[Firestone] officials repeatedly notified all water customers of the high levels and distributed information explaining how to reduce the risk. But the town, about 30 miles north of Denver, has taken no direct action to help residents replace the aging faucets and fixtures blamed for leaching lead into their drinking water.

    The town’s testing found lead contamination only in homes built before 1986…

    The town’s water provider installed a system in the fall to inject a phosphate coating agent into the water to help reduce the corrosive effect that leaches lead from plumbing. That’s the solution required by state regulators, who say Firestone is making progress in bringing down lead levels.

    “It is our hope that this additive to our water supply will continue to reduce the lead levels inside these older homes,” Mayor Paul Sorensen said in a prepared statement.

    Like many fast-growing towns on Colorado’s Front Range, Firestone is a small, old-town area surrounded with new suburbs. The town has a few blocks of old homes amidst nearly 3,500 newer ones.

    In Firestone’s case, testing never has found lead in the municipal water supply or in any of the newer homes. That means the bulk of the town’s 12,000 residents face almost no risk.

    CWCB board meeting recap

    La Junta back in the day via Harvey-House.info
    La Junta back in the day via Harvey-House.info

    From The Fowler Tribune (Bette McFarren):

    Engineers, attorneys and those who explain the complications of the world of water control in Colorado met on Tuesday in La Junta at the beginning of a three-day conference of the Colorado Water [Conservation] Board, the first in 10 years to be hosted here.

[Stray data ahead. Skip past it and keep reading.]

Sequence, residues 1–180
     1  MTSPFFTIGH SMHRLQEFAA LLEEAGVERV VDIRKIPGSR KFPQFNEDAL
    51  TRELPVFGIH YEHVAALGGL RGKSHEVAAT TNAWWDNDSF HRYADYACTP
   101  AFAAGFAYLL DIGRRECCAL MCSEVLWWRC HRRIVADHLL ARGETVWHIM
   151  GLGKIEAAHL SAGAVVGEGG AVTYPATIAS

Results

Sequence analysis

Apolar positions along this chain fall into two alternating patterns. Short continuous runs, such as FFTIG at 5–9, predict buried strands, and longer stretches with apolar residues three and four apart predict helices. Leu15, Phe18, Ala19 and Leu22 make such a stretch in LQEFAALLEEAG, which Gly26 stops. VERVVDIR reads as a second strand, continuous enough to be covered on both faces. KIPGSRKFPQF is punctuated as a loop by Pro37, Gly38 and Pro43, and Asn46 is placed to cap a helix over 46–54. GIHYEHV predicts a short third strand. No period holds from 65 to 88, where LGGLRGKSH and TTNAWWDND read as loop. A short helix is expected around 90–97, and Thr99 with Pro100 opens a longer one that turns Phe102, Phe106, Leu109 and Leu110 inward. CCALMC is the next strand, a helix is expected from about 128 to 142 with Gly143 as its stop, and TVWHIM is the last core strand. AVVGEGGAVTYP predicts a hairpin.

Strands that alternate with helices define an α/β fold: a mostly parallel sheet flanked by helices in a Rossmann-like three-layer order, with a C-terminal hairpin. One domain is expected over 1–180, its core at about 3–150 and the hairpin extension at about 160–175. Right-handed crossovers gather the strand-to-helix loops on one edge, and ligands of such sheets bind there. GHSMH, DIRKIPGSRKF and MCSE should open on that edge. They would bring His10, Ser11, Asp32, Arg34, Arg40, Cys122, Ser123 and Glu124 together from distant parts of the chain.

Tuesday was a day of touring projects currently sponsored in part or in whole by the CWCB, including The Catlin Canal Pilot Project, the North La Junta Flood Mitigation project, and the Fort Lyon Canal Horse Creek Flume Replacement.

    The Catlin Canal Pilot Project was explained by Jack Vogle, Lower Arkansas Valley Water Conservancy Board engineer. He gave a rundown on the Super Ditch, a program introduced three years ago to help both municipalities to get water and farmers to gain income. He explained that farmers can fallow up to 30 pecent of their cultivated land (that is, not irrigate), giving their water right portion of water to municipalities. In return, they are paid $1,020 per acre for the water that would have gone to the irrigation of the fallowed acres. The farmers may plant a cover crop to prevent weed invasion and blowing dirt, but they may not irrigate the land. Six farms are engaged in the Catlin Canal Pilot Project, which is now in its second year. So far, the results have been good for both the cities and the farmers.

    The CWCB group met at the recharge pond on the Schweizer property. This is a plowed shallow area to gather water and allow the water to seep back into the ground to replace water that would historically have been returned to the river by the irrigated fields. This recharge pond will seep into Timpas Creek, which flows into the Arkansas River near La Junta. The other recharge pond is located on the Hanagan farm at Swink, visible from Highway 50 on the north side of the road.